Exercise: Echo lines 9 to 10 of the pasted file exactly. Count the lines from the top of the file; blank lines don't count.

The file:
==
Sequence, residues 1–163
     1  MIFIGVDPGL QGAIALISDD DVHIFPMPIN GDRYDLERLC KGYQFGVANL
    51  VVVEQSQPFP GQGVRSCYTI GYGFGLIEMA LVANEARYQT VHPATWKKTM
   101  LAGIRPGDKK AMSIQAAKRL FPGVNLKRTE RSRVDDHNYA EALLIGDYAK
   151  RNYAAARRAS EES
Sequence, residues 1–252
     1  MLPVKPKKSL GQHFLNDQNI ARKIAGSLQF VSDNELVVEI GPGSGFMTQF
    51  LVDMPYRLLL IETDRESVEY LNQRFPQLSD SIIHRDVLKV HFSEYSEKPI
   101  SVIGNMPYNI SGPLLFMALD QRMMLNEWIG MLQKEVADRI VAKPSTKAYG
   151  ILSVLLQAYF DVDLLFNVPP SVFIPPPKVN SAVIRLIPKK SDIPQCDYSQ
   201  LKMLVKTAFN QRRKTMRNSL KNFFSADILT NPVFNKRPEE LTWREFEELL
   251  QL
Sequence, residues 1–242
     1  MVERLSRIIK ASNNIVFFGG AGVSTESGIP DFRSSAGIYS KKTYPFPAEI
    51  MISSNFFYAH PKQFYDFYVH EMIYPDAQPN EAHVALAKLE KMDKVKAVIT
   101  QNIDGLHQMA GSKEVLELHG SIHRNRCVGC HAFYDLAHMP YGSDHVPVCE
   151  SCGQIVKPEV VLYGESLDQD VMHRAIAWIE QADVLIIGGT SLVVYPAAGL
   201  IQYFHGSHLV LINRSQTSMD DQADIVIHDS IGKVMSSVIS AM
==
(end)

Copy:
   101  SVIGNMPYNI SGPLLFMALD QRMMLNEWIG MLQKEVADRI VAKPSTKAYG
   151  ILSVLLQAYF DVDLLFNVPP SVFIPPPKVN SAVIRLIPKK SDIPQCDYSQ